Biofilms are considered to be highly resistant to antimicrobial agents. Strictly speaking, this is not the case-biofilms do not grow in the presence of antimicrobials any better than do planktonic cells. Biofilms are indeed highly resistant to killing by bactericidal antimicrobials, compared to logarithmic-phase planktonic cells, and therefore exhibit tolerance. It is assumed that biofilms are also significantly more tolerant than stationary-phase planktonic cells. A detailed comparative examination of tolerance of biofilms versus stationary- and logarithmic-phase planktonic cells with four different antimicrobial agents was performed in this study. Carbenicillin appeared to be completely ineffective against both stationary-phase cells and biofilms. Killing by this beta-lactam antibiotic depends on rapid growth, and this result confirms the notion of slow-growing biofilms resembling the stationary state. Ofloxacin is a fluoroquinolone antibiotic that kills nongrowing cells, and biofilms and stationary-phase cells were comparably tolerant to this antibiotic. The majority of cells in both populations were eradicated at low levels of ofloxacin, leaving a fraction of essentially invulnerable persisters. The bulk of the population in both biofilm and stationary-phase cultures was tolerant to tobramycin. At very high tobramycin concentrations, a fraction of persister cells became apparent in stationary-phase culture. Stationary-phase cells were more tolerant to the biocide peracetic acid than were biofilms. In general, stationary-phase cells were somewhat more tolerant than biofilms in all of the cases examined. We concluded that, at least for Pseudomonas aeruginosa, one of the model organisms for biofilm studies, the notion that biofilms have greater resistance than do planktonic cells is unwarranted. We further suggest that tolerance to antibiotics in stationary-phase or biofilm cultures is largely dependent on the presence of persister cells.  (+info)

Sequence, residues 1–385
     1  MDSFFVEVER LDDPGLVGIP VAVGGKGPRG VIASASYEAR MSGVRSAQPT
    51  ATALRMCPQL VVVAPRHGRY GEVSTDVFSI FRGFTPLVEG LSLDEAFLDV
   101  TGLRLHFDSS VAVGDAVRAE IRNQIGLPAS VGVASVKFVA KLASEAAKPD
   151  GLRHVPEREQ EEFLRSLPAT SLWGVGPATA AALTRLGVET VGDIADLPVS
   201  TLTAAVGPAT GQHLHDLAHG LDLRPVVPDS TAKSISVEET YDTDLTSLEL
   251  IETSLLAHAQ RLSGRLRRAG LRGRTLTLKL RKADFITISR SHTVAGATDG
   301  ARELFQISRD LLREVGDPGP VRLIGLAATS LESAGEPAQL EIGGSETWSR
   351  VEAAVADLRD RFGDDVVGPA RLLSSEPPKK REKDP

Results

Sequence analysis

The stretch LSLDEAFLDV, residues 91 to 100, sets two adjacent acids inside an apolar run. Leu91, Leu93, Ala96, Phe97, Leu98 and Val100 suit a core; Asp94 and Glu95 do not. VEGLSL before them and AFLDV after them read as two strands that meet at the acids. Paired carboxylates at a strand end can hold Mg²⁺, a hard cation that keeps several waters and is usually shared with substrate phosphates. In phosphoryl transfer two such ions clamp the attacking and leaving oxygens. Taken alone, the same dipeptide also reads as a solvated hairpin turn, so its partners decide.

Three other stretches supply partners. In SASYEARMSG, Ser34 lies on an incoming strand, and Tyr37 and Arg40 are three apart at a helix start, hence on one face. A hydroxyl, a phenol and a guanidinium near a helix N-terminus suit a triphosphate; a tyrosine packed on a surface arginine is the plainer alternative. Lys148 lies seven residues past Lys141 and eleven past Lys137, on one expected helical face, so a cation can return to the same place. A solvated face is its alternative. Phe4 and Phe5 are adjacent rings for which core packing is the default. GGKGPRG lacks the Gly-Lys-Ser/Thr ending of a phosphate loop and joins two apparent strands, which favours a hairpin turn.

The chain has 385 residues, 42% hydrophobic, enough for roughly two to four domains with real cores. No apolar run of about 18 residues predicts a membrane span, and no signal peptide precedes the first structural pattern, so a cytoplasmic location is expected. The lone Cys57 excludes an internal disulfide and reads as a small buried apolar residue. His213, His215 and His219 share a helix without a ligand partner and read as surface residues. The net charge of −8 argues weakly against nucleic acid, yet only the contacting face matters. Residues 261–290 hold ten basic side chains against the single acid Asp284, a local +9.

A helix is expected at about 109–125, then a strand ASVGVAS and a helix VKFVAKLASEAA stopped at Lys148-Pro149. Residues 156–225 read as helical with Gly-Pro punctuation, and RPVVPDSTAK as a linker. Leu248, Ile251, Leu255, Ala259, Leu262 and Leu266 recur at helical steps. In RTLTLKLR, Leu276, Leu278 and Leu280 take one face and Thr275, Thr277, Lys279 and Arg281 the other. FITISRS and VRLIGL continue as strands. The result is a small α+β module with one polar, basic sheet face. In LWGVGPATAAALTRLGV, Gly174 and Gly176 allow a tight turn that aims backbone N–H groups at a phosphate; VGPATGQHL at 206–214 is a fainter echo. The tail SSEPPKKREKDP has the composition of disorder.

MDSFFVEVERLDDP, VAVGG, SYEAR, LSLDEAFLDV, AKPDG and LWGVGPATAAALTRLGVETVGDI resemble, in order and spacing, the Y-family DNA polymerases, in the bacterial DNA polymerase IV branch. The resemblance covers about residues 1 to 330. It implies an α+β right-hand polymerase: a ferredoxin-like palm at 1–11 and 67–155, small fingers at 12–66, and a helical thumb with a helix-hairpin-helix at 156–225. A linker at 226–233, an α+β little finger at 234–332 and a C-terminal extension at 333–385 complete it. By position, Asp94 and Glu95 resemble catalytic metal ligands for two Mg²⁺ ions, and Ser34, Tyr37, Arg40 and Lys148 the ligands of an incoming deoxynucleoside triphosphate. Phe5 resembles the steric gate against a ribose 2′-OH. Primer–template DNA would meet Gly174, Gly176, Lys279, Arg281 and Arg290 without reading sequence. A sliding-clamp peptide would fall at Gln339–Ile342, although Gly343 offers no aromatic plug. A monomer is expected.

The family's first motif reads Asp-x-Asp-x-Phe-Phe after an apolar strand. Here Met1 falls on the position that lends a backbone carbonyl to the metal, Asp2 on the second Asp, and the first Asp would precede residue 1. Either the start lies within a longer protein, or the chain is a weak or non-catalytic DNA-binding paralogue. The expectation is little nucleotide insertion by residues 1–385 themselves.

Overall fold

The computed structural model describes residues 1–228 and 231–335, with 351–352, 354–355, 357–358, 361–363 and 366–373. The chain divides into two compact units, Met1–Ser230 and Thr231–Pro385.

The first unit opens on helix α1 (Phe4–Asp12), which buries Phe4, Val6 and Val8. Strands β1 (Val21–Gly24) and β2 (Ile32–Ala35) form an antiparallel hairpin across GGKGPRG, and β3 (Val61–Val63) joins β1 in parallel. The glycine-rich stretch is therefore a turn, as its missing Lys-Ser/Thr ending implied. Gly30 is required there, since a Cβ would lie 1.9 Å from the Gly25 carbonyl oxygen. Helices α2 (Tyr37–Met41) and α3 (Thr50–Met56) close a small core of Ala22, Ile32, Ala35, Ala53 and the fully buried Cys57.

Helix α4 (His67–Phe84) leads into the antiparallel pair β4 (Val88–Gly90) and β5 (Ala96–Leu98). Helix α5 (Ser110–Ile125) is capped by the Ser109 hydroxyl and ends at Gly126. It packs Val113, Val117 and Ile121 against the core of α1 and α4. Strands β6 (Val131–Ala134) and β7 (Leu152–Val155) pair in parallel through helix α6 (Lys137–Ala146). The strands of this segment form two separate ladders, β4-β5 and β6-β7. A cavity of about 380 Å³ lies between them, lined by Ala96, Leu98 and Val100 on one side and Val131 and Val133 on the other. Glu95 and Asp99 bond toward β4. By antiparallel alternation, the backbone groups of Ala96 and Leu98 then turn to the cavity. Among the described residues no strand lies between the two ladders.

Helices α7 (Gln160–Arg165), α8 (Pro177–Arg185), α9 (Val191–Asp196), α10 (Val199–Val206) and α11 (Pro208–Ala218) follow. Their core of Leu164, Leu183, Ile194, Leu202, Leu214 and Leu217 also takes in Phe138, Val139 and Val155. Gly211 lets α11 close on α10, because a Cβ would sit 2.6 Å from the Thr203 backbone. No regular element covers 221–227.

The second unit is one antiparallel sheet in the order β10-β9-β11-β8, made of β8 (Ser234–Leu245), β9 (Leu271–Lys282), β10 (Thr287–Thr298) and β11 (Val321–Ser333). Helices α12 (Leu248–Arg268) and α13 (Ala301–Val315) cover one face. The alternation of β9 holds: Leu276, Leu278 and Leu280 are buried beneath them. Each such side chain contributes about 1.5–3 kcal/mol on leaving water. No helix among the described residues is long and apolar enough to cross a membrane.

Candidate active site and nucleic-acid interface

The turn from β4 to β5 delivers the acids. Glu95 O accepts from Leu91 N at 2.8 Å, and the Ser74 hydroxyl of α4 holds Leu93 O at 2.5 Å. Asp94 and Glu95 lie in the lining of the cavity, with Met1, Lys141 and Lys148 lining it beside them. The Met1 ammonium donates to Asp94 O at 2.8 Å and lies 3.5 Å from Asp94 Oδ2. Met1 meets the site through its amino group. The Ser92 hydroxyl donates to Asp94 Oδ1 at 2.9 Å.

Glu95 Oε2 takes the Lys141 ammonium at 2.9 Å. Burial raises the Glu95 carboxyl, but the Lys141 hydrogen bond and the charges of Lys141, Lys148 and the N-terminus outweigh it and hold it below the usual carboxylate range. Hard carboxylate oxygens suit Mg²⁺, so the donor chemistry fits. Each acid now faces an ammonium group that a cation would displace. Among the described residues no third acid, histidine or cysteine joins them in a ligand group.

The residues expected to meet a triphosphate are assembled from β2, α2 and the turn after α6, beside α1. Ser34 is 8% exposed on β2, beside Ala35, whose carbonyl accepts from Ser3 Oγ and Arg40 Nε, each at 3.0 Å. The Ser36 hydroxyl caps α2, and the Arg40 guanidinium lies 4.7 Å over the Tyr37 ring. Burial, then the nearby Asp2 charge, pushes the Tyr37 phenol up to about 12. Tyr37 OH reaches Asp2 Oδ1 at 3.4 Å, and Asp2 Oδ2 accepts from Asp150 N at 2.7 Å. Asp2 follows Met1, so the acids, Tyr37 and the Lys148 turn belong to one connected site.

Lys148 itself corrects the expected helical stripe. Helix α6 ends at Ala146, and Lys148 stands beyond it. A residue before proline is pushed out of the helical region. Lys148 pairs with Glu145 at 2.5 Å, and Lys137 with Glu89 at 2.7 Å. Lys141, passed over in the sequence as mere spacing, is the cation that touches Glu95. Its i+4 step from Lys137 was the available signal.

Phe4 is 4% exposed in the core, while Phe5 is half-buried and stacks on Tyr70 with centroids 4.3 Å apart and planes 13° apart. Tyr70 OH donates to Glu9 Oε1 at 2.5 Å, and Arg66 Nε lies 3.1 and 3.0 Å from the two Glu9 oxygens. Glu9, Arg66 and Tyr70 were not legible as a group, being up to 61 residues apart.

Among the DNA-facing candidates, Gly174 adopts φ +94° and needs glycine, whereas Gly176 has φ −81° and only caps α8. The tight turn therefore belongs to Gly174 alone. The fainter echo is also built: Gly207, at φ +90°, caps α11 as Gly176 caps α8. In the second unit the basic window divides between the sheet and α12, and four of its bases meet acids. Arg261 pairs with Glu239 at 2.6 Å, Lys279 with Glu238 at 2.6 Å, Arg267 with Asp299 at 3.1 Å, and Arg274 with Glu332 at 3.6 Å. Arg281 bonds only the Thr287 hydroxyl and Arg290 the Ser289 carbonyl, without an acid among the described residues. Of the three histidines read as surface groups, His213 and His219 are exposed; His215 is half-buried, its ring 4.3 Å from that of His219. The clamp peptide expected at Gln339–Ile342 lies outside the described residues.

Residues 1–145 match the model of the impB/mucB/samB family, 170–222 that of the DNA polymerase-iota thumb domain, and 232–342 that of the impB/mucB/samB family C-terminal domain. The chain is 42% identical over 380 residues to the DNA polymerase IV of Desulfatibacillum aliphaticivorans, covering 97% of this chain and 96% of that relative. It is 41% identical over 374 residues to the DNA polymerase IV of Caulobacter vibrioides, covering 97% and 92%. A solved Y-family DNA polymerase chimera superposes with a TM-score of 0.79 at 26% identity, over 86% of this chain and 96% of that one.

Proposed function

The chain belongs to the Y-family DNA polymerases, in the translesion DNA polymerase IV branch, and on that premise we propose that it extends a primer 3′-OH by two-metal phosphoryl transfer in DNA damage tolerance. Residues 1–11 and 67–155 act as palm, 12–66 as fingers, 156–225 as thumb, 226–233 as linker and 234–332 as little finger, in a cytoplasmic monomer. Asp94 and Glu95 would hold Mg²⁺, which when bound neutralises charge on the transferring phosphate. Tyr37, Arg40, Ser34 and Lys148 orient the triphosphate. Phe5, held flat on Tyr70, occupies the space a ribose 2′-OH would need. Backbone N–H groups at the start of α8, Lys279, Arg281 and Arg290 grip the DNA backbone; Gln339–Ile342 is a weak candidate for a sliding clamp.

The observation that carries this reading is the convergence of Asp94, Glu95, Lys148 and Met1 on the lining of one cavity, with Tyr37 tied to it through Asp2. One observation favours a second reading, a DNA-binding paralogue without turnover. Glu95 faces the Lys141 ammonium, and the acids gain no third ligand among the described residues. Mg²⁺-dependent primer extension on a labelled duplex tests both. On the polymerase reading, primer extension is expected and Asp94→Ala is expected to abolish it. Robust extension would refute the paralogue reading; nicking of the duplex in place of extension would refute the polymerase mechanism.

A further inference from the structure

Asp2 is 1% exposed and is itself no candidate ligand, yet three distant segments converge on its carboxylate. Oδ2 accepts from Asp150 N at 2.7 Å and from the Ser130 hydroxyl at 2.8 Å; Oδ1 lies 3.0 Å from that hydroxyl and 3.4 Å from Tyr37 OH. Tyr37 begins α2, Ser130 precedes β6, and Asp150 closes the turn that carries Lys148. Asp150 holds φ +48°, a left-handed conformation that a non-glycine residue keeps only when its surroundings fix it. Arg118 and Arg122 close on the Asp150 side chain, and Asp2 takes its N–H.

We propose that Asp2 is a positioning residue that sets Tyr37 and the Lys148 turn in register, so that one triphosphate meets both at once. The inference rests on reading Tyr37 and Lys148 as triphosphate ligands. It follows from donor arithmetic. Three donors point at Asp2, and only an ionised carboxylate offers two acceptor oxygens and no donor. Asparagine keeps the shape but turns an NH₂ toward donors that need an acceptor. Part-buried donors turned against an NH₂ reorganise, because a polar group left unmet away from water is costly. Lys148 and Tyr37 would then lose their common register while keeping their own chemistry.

Generation of controlled atmospheres for the determination of the irritant potency of peroxyacetic acid. (5/77)

Given the physical properties of peroxyacetic acid, which decomposes into acetic acid and hydrogen peroxide, the generation and analysis of controlled atmospheres used to test the irritant potency of this peracid in mice require specific developments. The sampling and analytical method was based on the simultaneous sampling on a titanyl sulphate-impregnated silica gel tube (allowing the determination of total peroxides, peroxyacetic acid and hydrogen peroxide) and in an impinger containing a methyl-p-tolyl sulphide solution (of which the analysis yields the concentration of total acids, peroxyacetic acid and acetic acid, and peroxyacetic alone). From these results the concentrations of the different products can be inferred without interference. A special device composed of inert materials was designed for the generation of the controlled atmosphere. Buffering the peroxyacetic solution at pH 7 with a phosphate buffer allowed the generation of peroxyacetic acid atmospheres with negligible concentrations of acetic acid and hydrogen peroxide.  (+info)

Sensory irritation of acetic acid, hydrogen peroxide, peroxyacetic acid and their mixture in mice. (6/77)